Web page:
While working on his thesis on the history of law enforcement during the Fascist period in Italy, Carlo Lucarelli interviewed a man who had been an officer in the Italian police force for 40 years. He had started as a member of the Fascist political police, but, towards the end of World War II, when the Fascists were on the run, he answered to partisan formations then in control of the country. His job? To investigate the Fascist hierarchy, his former employers. After the war, when regular elections were held and a government formed, he was employed by the Italian Republic. Part of his job was again to investigate and arrest his former employers, this time the partisans. Carlo Lucarelli, however, never finished his doctoral thesis. Instead, Commissario De Luca was born, and overnight his creator became one of Italy’s most acclaimed crime authors. The De Luca trilogy (in splendid translations by Michael Reynolds) begins with of Carte Blanche (published in 2006 in English), set in April 1945, the final frenetic days of the Salò Republic. A brutal murder on the good side of town lands De Luca in the middle of a hornet’s nest where the rich and powerful mix drugs, sex, money and murder. It was followed by The Damned Season (2007), in which De Luca is on the run under an assumed identity to avoid reprisals for the role he played during the Fascist dictatorship. Blackmailed by a member of the partisan police, De Luca is obliged to investigate a series of murders, becoming a reluctant player in Italy’s post-war power struggle. The final novel, Via delle Oche (2008), won the Scerbanenco Prize. The year is 1948, with the country’s fate soon to be decided in bitterly contested national elections. A corpse surfaces in a brothel at the heart of Bologna’s red light district, and De Luca finds himself unwilling to look the other way when evidence in the murder points to prominent local power brokers. The novels – whose tone often veers alarmingly between the sardonic and the massively cynical – are built around one key thesis: the deforming effect of Italy’s compromised, slippery politics on every individual, not least the pragmatic but beleaguered De Luca.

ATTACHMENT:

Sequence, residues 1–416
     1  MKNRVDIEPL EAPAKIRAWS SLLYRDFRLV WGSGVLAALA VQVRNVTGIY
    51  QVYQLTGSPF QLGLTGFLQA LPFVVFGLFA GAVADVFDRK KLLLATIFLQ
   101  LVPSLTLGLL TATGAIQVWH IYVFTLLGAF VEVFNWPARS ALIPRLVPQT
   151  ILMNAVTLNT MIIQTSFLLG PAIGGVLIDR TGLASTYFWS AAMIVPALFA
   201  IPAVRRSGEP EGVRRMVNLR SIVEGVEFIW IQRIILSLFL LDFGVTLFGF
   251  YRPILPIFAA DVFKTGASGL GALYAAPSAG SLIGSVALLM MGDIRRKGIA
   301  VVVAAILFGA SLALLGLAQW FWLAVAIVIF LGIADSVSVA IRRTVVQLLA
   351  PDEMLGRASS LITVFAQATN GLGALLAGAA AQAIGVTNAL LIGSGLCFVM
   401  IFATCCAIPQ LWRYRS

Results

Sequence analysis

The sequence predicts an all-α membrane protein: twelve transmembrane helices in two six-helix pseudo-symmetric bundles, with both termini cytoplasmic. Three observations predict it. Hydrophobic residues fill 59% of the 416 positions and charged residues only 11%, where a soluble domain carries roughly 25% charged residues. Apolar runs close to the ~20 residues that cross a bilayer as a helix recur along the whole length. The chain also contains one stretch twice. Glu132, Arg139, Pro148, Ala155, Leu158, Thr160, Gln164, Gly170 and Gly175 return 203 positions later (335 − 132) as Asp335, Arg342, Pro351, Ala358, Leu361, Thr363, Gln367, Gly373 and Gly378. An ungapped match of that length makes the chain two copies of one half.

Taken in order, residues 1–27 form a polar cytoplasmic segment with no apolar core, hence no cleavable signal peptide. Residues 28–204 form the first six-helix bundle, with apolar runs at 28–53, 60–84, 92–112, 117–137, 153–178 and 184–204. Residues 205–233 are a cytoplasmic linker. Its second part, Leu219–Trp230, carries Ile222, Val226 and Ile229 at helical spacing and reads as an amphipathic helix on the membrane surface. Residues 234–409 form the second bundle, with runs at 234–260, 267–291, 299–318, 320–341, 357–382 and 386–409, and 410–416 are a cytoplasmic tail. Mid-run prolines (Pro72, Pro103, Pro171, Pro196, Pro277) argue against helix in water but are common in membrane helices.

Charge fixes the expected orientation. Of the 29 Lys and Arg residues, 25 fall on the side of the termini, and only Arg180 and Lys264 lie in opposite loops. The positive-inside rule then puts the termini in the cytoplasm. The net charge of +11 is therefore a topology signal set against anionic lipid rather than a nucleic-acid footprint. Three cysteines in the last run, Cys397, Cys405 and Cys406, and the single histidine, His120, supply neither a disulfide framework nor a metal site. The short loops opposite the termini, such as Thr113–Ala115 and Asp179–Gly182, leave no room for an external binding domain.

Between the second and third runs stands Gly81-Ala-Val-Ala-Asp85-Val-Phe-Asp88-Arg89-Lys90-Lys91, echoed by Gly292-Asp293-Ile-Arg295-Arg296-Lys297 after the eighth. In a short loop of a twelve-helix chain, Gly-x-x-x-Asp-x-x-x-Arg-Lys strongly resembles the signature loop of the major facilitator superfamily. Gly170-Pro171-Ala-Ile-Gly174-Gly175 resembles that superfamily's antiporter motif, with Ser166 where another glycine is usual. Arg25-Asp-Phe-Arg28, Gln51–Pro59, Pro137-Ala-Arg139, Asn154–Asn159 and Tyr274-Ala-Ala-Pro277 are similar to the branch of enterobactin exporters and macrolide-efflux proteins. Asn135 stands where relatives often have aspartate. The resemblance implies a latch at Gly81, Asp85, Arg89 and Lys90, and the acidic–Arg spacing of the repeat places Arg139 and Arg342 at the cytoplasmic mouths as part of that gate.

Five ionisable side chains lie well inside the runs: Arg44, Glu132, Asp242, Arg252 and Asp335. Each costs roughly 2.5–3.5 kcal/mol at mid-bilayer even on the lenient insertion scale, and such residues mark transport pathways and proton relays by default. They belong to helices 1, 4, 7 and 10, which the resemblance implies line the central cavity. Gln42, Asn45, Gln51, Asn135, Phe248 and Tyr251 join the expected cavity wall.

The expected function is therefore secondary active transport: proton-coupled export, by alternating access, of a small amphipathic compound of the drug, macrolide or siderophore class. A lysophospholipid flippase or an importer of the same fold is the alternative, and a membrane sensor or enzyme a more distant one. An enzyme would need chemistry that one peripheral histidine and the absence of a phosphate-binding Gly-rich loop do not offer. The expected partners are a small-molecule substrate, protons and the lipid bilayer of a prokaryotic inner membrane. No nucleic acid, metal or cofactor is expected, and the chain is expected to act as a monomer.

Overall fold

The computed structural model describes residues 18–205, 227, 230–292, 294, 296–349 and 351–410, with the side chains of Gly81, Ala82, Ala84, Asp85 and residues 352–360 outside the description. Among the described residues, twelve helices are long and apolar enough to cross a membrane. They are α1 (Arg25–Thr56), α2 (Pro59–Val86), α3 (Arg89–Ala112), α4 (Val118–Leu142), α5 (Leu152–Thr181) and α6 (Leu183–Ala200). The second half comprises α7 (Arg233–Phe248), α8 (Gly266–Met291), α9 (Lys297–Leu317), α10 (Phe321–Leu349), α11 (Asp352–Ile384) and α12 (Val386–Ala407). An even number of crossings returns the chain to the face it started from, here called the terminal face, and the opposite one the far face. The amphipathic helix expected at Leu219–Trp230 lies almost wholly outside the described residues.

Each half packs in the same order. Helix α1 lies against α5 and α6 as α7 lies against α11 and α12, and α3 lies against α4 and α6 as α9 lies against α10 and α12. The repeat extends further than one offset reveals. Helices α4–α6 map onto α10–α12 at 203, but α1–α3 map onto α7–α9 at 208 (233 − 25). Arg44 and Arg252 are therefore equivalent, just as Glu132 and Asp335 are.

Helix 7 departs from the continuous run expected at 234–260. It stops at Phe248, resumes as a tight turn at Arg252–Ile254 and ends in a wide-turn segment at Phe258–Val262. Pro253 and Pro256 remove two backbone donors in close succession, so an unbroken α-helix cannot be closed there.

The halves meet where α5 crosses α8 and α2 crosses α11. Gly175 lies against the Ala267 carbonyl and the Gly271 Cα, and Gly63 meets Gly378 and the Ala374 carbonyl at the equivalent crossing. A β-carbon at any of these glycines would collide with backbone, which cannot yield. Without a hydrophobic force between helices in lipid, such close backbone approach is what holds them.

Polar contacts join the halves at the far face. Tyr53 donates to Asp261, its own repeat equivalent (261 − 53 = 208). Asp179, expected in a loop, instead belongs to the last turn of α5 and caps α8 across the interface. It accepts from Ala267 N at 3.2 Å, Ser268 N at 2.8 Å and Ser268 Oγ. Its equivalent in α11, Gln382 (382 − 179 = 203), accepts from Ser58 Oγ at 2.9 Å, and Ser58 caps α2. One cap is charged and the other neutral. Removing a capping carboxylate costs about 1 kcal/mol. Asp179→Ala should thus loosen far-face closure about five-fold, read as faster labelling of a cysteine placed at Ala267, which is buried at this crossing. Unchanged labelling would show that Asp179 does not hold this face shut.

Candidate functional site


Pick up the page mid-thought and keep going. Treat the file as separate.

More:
Romanzo Criminale

It was inevitable that Giancarlo De Cataldo’s novel about three young criminals in Rome would lead to a film adaptation and, subsequently, a television series, but the material was a victim of its own success, with the dramatic possibilities entering a repetitive, cyclical mode over two seasons on TV. The refusal (by director Stefano Sollima) to make any of the selfserving, violent characters sympathetic – or in possession of even minimal moral or humane qualities – was already overextended to some extent in the highly successful film, where it mattered less; however, this becomes a major problem with the television series. In the case of, say, Brian De Palma’s Scarface, we are happy to see a monstrous, overindulgent but charismatic character bring about his own destruction, and the fact that there is no attempt to engage our sympathy is not really relevant. Over the course of the Romanzo Criminale series, however efficiently made, this problem assumes far greater importance, particularly as we are soon faced with the ‘one damn thing after another’ syndrome – the bad behaviour by the brutal and ruthless protagonists is repeated ad infinitum and ad nauseam. Nevertheless, both the film and the TV series are made with considerable skill and acted with unshowy truthfulness, which largely keeps such reservations at bay.